A Look At Mormons And The GOP

Guy Raz talks to Quin Monson, associate political science professor at Brigham Young University in Provo, Utah, about what it means to be both Mormon and Republican.

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GUY RAZ, HOST:

From NPR News, this is ALL THINGS CONSIDERED. I'm Guy Raz.

On Friday, at the Values Voters Summit here in Washington, where many GOP candidates spoke, the pastor of a Dallas-based mega church called the Mormon faith a cult. Robert Jeffress introduced Texas Governor Rick Perry at the summit, and his comments were aimed at another GOP candidate, Mitt Romney, a Mormon, who has largely avoided talking about his faith in public.

Now, according to a Gallup poll last year, Mormons are more conservative than members of any other major religious group in the U.S. and reliable Republican votes. But among some influential evangelicals, there is a deep-seated mistrust of Mormonism, and that could be a problem for the Republican Party.

Quin Monson, associate professor of Political Science at Brigham Young University in Provo, Utah joins me now for more. Welcome to the program.

QUIN MONSON: Thanks for having me.

RAZ: Is there growing concern among Mormons who support the GOP about some of the anti-Mormon language we've been hearing lately?

MONSON: I think the anti-Mormon language you hear makes Mormons uncomfortable. Nobody likes to be referred to with the language that you heard Pastor Jeffress use over the weekend. But it's nothing new for Mormons. This is something that Mormons have dealt with for years, and in many ways, we've dealt with harsher language.

RAZ: How do Mormon voters who support the GOP reconcile some of the language coming from elements within the grassroots of the Republican Party?

MONSON: Well, it's not something we hear very often because it's only crept up in the context of national politics with politicians like Mitt Romney running for president. So when we've had Mormon politicians running for statewide office elsewhere, I don't think it's been much of an issue for the most part. So I think the way that Mormons reconcile it is that they're conservative because conservatism has an underlying belief that there is a fixed moral truth out there.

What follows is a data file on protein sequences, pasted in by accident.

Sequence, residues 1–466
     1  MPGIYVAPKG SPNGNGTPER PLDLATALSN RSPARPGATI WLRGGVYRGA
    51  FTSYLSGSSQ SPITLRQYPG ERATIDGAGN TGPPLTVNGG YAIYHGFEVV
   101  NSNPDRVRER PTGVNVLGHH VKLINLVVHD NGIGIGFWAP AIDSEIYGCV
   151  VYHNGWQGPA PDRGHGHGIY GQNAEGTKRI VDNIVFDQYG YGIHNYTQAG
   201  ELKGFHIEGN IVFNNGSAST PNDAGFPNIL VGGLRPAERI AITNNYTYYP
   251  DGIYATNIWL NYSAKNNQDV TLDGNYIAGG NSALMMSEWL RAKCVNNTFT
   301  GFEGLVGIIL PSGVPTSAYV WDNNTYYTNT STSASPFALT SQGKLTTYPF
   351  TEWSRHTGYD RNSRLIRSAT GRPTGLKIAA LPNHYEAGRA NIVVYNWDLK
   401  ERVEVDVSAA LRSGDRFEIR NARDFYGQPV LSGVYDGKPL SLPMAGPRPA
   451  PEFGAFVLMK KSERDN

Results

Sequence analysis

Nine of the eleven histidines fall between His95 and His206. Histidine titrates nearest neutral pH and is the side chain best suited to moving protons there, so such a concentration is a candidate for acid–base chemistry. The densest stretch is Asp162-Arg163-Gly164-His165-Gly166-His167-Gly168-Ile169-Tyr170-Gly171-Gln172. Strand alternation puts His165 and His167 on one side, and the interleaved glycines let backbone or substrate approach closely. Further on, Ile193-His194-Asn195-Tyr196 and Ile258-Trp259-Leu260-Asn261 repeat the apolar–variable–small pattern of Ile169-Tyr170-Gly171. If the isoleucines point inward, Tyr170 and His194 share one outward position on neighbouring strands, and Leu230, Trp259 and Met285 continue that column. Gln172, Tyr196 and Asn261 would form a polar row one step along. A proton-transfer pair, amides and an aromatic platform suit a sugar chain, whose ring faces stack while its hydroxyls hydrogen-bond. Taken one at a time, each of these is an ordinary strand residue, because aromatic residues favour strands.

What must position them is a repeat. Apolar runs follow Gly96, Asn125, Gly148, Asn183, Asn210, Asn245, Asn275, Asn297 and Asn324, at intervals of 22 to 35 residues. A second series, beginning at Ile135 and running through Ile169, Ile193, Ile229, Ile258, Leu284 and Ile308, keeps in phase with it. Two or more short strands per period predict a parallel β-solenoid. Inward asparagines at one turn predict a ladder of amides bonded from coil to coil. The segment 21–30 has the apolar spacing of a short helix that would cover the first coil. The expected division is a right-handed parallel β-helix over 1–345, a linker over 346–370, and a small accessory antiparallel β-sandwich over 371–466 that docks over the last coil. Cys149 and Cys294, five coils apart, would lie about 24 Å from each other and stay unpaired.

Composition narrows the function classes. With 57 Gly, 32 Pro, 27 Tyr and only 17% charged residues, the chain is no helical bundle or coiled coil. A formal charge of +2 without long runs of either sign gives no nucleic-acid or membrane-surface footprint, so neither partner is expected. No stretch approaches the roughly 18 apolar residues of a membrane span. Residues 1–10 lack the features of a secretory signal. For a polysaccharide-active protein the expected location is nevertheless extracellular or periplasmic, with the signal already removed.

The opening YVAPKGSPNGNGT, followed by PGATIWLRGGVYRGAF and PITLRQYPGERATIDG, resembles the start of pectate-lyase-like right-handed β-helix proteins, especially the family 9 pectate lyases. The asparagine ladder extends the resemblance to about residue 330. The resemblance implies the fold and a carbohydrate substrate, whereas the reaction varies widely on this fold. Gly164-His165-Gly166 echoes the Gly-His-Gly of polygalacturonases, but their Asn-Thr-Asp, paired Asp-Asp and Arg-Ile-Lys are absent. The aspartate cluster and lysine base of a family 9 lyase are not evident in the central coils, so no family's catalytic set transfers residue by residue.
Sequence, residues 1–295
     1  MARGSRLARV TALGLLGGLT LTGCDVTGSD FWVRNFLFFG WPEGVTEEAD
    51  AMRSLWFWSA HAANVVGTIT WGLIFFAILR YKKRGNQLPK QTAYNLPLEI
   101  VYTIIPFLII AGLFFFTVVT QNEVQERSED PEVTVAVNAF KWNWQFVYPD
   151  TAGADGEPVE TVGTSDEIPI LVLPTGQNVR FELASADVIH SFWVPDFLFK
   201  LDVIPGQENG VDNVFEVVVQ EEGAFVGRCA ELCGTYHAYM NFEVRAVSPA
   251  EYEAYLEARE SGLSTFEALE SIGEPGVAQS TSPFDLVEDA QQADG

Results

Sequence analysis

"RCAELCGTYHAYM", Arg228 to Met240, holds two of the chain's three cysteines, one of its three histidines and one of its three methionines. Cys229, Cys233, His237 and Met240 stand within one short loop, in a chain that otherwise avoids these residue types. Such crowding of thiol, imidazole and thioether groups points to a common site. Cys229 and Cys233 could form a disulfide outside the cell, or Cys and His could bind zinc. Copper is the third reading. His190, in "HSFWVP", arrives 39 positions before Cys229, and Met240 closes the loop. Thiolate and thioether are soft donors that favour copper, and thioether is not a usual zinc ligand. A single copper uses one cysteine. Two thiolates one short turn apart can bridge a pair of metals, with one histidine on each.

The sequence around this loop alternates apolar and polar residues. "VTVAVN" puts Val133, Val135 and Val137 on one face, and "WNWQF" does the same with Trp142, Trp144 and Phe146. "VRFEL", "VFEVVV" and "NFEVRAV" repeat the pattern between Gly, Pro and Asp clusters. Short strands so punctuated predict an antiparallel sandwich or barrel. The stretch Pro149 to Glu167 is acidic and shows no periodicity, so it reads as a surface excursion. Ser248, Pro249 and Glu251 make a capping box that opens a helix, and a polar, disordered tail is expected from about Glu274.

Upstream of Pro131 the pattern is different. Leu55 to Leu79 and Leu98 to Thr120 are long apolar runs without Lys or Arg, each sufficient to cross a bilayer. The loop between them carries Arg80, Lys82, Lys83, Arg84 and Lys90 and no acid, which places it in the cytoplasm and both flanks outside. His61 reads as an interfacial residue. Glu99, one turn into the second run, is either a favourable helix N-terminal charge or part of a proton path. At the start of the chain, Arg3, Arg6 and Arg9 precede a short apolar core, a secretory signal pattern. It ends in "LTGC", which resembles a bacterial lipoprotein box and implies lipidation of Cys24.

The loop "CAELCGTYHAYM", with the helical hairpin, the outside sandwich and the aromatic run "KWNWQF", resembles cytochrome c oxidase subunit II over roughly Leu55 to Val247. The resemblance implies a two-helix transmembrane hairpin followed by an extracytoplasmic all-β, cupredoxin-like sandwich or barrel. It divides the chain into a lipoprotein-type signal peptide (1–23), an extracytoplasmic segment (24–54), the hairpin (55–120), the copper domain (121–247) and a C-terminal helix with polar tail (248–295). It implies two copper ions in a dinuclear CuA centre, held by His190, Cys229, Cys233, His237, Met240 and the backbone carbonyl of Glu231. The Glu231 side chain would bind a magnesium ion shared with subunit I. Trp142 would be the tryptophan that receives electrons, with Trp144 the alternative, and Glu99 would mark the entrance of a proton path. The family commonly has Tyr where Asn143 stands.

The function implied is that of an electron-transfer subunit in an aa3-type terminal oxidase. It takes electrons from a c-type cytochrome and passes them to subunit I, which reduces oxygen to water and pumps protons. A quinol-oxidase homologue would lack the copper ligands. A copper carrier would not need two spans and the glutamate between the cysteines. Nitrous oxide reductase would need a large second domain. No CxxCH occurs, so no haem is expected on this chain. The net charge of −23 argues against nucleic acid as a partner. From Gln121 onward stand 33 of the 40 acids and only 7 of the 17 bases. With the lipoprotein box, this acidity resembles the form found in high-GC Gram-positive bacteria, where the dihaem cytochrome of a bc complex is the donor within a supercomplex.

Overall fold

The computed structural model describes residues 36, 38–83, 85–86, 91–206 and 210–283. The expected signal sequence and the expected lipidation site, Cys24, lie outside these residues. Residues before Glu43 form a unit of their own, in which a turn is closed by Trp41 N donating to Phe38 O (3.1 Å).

And frankly, I think that's what evangelicals would say, as well, that they believe it fixed moral truth. And so the dustup here is one that's not what's right or wrong socially or politically. The dustup is a theological one.

RAZ: In 2004, 71 percent of voters in Utah supported George W. Bush. In 2008, 62 percent supported John McCain. When did Mormons become such reliable Republican supporters?

MONSON: Well, up through the '40s and '50s and even into the '60s, Mormons were voting fairly evenly for both parties. And I think some of the social changes in the country in the 1960s: the sexual revolution, the liberalization of a lot of social mores, and then culminating in some ways with the 1973 Roe v. Wade decision.

So there's that piece, there's this societal changes, and then there's also the political party changes. So the parties themselves started to take more definite stands on the social issues. And I think starting in the '70s and moving into the '80s, especially, more Mormons took their social conservatism and found a home with the Republican Party.

RAZ: Is there any danger, in your view, that the GOP could suffer from the kind of language that we've heard from some evangelicals who are aligned with the Republican base?

MONSON: It could cause some Mormons to sit on their hands. Not that they would rush toward the Democratic Party, but there's a lot of choices when it comes to election time. And one of those choices is to stay at home.

RAZ: And conversely, you could also lead a number of evangelicals to sit on their hands if a Mormon was a candidate and they didn't approve of that.

MONSON: That's right. It's possible. And I think the language I've heard so far is that they're unhappy with the theology, but not so unhappy that they would vote for Barack Obama as the alternative. And that may be enough of a motivating force, which makes 2012 a much different context because you do have an incumbent Democrat that perhaps allows Romney to get a foothold where he didn't have one otherwise.

RAZ: That's Quin Monson. He's associate political science professor at Brigham Young University in Provo, Utah. Quin, thanks.

MONSON: Thanks for having me.

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